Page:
Carla Contractor Company contracts to build a house for Lisa for $500,000. The house is completed on time and is in conformity with contract specifications except that Carla’s workers forgot to put in Kohler plumbing fixtures in the master bathroom and instead mistakenly put in another slightly less expensive and not as prestigious brand. Otherwise the house is fine and is in conformity with the contract, but now Lisa refuses to pay for the construction of the house, saying the performance was defective due to the mistaken fixtures. What is the likely legal result of this dispute?
a. Lisa is discharged from any and all contract responsibility and does not have to pay anything and can successfully sue Carla for breach of contract.
b. Lisa can sue and prevail since under the Uniform Commercial Code Carla’s performance was not perfect.
c. Lisa must pay Carla the agreed upon contract price minus an amount to correct the defect since the “substantial performance” doctrine of the common law prevails.
d. Lisa can sue for “pain and suffering” damages since she was stressed out by the “inferior” plumbing fixtures.
At one time, Office Depot merged with Staples, leaving Office Max as a very small remaining competitor. This merger was deemed to be illegal pursuant to the Clayton Act because:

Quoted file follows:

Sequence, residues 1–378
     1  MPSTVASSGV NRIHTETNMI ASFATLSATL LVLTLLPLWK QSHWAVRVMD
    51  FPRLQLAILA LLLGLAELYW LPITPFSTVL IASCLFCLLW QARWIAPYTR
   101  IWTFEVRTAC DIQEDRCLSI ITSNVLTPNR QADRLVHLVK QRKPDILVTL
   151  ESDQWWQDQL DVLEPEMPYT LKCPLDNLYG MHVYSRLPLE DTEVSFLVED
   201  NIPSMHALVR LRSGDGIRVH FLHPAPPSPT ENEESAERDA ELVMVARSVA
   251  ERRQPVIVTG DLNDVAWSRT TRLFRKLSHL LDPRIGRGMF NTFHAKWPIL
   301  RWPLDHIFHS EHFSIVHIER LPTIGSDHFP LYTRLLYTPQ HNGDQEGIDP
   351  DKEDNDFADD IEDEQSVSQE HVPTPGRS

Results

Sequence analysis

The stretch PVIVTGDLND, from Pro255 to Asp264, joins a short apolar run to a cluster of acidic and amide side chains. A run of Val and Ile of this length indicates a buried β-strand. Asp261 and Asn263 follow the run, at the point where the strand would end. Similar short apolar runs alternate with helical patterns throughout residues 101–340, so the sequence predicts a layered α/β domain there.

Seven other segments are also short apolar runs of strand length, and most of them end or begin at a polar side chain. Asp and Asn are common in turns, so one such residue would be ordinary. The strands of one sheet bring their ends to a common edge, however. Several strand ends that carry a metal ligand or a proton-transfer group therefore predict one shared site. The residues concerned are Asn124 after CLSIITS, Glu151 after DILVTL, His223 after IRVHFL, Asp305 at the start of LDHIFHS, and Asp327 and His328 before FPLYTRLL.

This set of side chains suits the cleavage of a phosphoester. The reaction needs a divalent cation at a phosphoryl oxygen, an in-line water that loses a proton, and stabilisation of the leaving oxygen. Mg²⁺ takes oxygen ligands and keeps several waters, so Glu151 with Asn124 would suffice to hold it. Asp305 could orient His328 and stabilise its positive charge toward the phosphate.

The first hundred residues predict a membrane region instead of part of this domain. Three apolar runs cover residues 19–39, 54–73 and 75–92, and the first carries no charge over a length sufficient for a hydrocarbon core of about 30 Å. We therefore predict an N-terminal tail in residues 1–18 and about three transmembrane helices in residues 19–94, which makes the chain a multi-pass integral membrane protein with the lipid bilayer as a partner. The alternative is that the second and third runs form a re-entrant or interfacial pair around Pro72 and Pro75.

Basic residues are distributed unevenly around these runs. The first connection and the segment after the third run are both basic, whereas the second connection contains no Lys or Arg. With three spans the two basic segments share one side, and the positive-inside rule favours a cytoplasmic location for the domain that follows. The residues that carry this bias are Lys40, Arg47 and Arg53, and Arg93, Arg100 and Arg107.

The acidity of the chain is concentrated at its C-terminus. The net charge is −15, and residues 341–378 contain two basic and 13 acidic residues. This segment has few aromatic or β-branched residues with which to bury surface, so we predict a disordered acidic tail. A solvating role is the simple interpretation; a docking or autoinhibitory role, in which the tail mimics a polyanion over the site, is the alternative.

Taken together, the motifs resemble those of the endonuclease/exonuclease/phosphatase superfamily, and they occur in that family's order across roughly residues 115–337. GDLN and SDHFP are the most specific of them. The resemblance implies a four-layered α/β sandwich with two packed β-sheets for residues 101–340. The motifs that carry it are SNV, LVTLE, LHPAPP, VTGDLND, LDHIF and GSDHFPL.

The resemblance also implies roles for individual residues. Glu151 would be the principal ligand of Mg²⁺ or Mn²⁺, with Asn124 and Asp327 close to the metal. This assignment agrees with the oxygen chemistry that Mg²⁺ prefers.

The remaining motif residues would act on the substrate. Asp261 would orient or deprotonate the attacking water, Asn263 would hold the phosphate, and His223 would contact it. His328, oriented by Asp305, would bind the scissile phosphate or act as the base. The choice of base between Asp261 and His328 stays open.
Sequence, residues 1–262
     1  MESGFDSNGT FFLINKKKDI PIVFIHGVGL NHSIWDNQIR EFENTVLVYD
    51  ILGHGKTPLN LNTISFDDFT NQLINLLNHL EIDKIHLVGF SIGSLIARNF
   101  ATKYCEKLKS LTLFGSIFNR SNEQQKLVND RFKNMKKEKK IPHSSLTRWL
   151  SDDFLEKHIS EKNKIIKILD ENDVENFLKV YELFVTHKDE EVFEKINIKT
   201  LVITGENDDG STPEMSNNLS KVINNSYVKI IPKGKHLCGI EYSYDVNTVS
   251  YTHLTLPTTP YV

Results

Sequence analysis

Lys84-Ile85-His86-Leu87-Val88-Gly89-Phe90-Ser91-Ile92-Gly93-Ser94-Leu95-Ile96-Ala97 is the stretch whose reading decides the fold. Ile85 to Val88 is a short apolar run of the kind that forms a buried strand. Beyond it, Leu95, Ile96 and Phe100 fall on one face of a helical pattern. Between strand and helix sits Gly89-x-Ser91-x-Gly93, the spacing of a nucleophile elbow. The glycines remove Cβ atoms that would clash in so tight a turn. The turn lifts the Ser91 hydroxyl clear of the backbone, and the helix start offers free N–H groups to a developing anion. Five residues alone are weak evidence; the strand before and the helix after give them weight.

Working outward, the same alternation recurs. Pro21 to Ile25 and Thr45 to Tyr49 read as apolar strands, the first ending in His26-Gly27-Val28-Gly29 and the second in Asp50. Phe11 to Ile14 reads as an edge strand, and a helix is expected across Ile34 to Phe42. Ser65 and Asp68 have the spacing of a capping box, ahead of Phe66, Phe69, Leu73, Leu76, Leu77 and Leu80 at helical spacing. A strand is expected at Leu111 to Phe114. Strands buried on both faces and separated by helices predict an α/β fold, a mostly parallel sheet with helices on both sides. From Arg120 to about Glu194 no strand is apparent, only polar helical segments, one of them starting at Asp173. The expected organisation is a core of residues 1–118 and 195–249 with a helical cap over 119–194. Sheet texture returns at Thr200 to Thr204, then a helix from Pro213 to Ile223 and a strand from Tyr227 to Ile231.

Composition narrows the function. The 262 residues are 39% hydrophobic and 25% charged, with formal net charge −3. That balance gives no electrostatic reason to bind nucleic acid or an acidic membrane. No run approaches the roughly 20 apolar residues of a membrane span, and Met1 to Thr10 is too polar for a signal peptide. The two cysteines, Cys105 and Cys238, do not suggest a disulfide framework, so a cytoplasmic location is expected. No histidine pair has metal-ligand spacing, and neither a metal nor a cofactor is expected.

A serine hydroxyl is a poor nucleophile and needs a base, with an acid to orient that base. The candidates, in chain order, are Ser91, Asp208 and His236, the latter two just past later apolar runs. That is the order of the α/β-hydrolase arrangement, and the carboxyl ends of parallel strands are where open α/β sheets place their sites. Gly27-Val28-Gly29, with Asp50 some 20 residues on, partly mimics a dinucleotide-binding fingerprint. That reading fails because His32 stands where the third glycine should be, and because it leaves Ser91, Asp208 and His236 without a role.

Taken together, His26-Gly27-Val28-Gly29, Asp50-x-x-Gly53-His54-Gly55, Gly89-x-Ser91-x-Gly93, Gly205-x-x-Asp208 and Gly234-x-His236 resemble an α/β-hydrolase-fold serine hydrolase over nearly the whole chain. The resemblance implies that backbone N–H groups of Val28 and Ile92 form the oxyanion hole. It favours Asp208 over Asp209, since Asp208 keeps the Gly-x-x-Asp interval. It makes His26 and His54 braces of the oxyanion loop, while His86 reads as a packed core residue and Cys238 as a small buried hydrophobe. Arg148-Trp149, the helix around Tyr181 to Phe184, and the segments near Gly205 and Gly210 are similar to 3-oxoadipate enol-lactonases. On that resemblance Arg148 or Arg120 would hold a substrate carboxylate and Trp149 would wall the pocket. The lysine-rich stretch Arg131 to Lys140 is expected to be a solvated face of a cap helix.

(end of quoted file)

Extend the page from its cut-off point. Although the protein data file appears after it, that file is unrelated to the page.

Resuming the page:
The market was defined broadly to include all stores that sell office supplies.
The market was defined narrowly to include just office supply “super-stores.”
There was the probability of a substantial lessening of competition in the market.
B and C.
Donnie makes an offer to Marie to sell his used racing bicycle for $200. Marie responds by saying “I accept at $150.” Donnie refuses and says the price is firm. Marie then says “OK, I accept at the original price.” However, Donnie sells the bike to a third party; whereupon Marie sues Donnie for breach of contract. Who is likely to prevail?
a. Marie since she accepted Donnie’s offer at $200.
b. Marie since her initial response was merely an “invitation to offer.”
c. Donnie since his original offer was terminated by Marie’s counteroffer.
d. Donnie since the court would void the entire contract since $200 for even a used racing bike does not seem like a fair price.
Francis owns a small motel in Sugarloaf Key. She notices by means of public advertising that her competitors in Big Pine Key and Ramrod Key have extended by two weeks their “winter season” and thus their winter season higher rates. Francis also notices the “no vacancy” signs at her competitors’ motels. So, Francis decides to extend the winter season at her motel too. Francis has engaged:
Illegal horizontal price-fixing by means of an express agreement.
Illegal horizontal price-fixing by means of an implied agreement
Legal action by means of the doctrine of Conscious Parallelism
Legal action since anti-trust law does not apply to small motels, only large ones and hotels.
The famous French adage, “The heart has its reasons that reason knows not,” is best reflected in what ethical theory?
Kant’s Categorical Imperative.
Bribery of foreign government officials can be:
Legal as a “facilitating and expediting” exception under the Foreign Corrupt Practices Act.
Moral pursuant to Utilitarian ethics if all the stakeholders benefit.
Moral pursuant to Ethical Relativism.
All of the above.